October 1st, 2013 by Sarah Sluis

Consumers didn’t need retailer-created apps to figure out how to check prices on their phone while they’re in a brick-and-mortar store. They figured out on their own that the best way to find out if a dress fits right isn’t by asking an associate, but texting a picture to Mom. Reading online product reviews about an item that’s right in front of your? Again, the mobile phone is gaining ground. One out of three people prefer checking their phone to asking an associate for help, noted PointInside CEO Todd Sherman, and that’s an opportunity for mobile retailers. On Monday, Mobile Boot Camp kicked off the Shop.org Annual Summit. Customers are using mobile to make their shopping decisions, and retailers have the opportunity to guide and mold this online behavior through their own mobile initiatives.  About a hundred representatives from retailers filled a conference room in McCormick Place in Chicago, Illinois to kick off the conference, which will run from September 30-October 2.

The mix of speakers at the Mobile Boot Camp rotated between observation and action. Some speakers documented current mobile and tablet usage, while other identified ways to improve the store experience both for customers and sales associates. Many of the mobile opportunities offer incremental improvements in a shopper’s experience that add up to big results in an industry that gets excited about A/B Tests that give them a 2% lift in conversions. By giving away WiFi, for example, a retailer makes it easier for a consumer to make decisions about a purchase socially, while also creating an opportunity to message the user with an offer. Sherman, who has created mobile shopping experiences for Midwest supermarket Meijer, explained how having a “store mode” can greatly improve a customer’s experience and lift sales. Product locators and in-store maps make it easier for a customer to find items, and shoppers like the app for the value it provides. One of the figures he touted was that coupon redemption among those with in-store apps is 16 times that of a non-mobile user.

A presentation from the CTO of the Brazilian retailer Netshoes, Rodrigo Nasser, highlighted cultural differences in mobile adoption. Brazil has high rates of Internet usage, but battles with slow speeds and the high cost of smartphones. An ecommerce disaster in Christmas 2010, which resulted in consumers waiting to receive their purchases for months, has left many online shoppers wary. They now prefer a good user experience and prompt service, making free shipping and low prices not quite as important.  Once a brick-and-mortar store that now is completely online, Netshoes accounts for a third of global sales for both Nike and Adidas, despite operating in just three countries: Brazil, Argentina, and Mexico. They have implemented technology that encourages showrooming in order to compete with brick-and-mortar stores. Nasser described how the company set a radius of one kilometer around certain shopping centers. If a consumer checked the price of a shoe they saw online, Netshoes would offer them a discount based on the phone’s geolocation. Another Netshoes mobile feature allows smartphone users to take a picture of a sneaker they like, which the store will match up with one in stock with 95% accuracy. Many of the photos are surreptitiously taken of people on the street, he noted, as people try to find out about their shoes without the person knowing.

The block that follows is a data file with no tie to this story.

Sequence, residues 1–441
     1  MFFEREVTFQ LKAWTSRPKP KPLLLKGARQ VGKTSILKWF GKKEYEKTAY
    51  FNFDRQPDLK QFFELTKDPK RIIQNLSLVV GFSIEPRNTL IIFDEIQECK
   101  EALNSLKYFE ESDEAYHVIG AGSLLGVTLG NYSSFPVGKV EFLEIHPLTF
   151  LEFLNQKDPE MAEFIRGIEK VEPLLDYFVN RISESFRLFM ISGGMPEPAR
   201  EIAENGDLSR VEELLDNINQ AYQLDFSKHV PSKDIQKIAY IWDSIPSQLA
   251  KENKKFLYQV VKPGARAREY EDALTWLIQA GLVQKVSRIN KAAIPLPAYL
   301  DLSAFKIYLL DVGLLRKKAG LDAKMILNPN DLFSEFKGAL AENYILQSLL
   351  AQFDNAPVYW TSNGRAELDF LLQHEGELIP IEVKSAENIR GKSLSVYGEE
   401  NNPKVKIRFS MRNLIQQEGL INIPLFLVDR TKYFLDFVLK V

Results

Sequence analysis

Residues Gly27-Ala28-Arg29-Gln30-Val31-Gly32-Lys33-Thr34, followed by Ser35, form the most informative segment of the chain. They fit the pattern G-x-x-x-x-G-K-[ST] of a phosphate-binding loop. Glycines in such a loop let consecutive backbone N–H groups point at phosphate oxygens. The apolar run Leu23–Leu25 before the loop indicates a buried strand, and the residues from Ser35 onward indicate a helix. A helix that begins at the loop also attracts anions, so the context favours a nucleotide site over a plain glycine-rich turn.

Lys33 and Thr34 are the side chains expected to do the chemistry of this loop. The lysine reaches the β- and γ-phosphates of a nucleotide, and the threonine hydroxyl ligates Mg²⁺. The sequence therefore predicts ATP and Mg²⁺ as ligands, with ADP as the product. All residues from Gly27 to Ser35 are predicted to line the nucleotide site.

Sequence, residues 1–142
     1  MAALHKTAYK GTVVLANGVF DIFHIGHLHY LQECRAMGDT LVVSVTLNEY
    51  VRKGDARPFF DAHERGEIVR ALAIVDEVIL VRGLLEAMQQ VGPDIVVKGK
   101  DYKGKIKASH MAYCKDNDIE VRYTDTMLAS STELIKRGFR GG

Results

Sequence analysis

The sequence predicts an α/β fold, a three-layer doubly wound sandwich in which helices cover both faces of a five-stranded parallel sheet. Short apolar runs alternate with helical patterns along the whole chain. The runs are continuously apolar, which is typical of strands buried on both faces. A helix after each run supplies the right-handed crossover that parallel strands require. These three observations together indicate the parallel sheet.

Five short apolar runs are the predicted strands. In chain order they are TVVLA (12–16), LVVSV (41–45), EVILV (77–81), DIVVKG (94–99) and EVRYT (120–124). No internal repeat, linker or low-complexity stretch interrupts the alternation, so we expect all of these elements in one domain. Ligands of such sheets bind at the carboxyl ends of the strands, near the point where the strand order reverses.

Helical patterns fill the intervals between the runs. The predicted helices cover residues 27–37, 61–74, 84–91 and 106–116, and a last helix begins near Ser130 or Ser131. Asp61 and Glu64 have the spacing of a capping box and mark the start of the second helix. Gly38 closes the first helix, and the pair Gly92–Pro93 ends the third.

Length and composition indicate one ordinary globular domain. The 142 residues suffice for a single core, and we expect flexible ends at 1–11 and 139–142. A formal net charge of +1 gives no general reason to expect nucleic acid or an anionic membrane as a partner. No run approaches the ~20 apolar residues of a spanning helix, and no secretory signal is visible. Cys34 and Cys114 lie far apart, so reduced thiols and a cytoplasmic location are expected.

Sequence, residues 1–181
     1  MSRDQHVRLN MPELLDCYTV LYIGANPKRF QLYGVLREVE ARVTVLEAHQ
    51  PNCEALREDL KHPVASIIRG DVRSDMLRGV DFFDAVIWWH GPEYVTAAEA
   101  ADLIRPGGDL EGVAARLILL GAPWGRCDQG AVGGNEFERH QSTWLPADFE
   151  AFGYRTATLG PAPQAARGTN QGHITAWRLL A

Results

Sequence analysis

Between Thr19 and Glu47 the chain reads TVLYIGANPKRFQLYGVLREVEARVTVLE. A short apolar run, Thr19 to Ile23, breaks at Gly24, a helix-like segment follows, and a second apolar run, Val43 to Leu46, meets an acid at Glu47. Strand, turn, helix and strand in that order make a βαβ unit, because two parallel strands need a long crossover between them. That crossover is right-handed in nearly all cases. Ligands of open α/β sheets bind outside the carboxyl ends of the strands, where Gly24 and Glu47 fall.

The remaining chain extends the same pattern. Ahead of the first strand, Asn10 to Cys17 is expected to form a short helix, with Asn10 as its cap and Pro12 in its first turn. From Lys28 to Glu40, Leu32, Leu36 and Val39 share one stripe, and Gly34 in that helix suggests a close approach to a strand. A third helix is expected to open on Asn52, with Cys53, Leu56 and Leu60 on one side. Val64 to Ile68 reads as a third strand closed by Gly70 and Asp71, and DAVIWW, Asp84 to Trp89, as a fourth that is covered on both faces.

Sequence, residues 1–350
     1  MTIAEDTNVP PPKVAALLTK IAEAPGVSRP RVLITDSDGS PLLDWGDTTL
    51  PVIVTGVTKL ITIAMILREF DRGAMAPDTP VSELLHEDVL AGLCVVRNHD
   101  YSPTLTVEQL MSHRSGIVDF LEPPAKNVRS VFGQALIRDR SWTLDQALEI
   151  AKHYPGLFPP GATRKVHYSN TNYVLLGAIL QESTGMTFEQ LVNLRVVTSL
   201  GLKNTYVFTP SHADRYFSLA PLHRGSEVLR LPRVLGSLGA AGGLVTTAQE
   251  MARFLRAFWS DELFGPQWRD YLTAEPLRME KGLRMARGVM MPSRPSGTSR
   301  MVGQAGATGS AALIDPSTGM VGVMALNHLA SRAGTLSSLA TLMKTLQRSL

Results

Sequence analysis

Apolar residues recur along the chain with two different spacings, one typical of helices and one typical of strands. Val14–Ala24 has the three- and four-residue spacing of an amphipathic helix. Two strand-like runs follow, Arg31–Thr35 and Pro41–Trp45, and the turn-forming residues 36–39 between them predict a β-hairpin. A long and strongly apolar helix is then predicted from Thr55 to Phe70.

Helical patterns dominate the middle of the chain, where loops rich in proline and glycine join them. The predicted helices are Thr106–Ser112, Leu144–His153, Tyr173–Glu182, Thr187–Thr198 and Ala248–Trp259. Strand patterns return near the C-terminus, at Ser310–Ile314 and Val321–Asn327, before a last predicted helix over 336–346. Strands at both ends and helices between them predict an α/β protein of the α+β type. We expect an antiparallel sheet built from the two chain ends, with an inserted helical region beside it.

Saks Fifth Avenue has been using tablets and smartphones both to reach customers on their phones and to empower its sales associates. Saks associates are sophisticated salespeople who earn sizeable commissions from the luxury merchandise purchased by their customers. With one tablet for roughly every two associates, custom-loaded iPads help on-the-floor sales teams at every point of the sales process. VP of Web Operations Roger Scholl and Director of Product Management and Jordan Lustig described how associates can email customers photos of items they might like. Pre-existing outside apps proved extremely useful. Google Translate, for examples, has aided New York City associates meet the needs of a foreign customers. Managers and associates alike can use the tablets to track their key performance indicators (KPIs), tracking how their sales are year-over-year as well as their current totals. They emphasized the importance of not overestimating the technical abilities of associates, and recognizing that there may be internal resistance to change.

The next wave of mobile ecommerce is filled with a diversity of opportunities. With options ranging from Netshoes’ geo-informed deals to high-end personalized experiences facilitated by PointInside and Saks, mobile solutions for retailers allows them to employ different tactics to engage their customers and increase mobile sales.

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